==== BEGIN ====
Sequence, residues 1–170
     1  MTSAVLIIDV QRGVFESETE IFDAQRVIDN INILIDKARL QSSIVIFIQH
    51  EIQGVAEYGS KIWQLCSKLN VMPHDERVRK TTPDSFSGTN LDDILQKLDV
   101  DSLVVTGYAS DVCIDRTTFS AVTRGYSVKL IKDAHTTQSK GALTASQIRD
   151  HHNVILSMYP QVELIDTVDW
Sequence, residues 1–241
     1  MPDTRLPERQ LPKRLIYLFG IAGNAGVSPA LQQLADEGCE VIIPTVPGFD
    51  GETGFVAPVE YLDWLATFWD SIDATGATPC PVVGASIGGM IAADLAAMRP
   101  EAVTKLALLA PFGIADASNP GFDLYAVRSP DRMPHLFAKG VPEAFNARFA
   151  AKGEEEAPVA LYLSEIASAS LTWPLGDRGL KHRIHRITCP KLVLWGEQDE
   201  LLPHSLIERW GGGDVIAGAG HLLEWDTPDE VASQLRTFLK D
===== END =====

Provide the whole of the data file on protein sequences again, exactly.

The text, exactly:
Sequence, residues 1–170
     1  MTSAVLIIDV QRGVFESETE IFDAQRVIDN INILIDKARL QSSIVIFIQH
    51  EIQGVAEYGS KIWQLCSKLN VMPHDERVRK TTPDSFSGTN LDDILQKLDV
   101  DSLVVTGYAS DVCIDRTTFS AVTRGYSVKL IKDAHTTQSK GALTASQIRD
   151  HHNVILSMYP QVELIDTVDW
Sequence, residues 1–241
     1  MPDTRLPERQ LPKRLIYLFG IAGNAGVSPA LQQLADEGCE VIIPTVPGFD
    51  GETGFVAPVE YLDWLATFWD SIDATGATPC PVVGASIGGM IAADLAAMRP
   101  EAVTKLALLA PFGIADASNP GFDLYAVRSP DRMPHLFAKG VPEAFNARFA
   151  AKGEEEAPVA LYLSEIASAS LTWPLGDRGL KHRIHRITCP KLVLWGEQDE
   201  LLPHSLIERW GGGDVIAGAG HLLEWDTPDE VASQLRTFLK D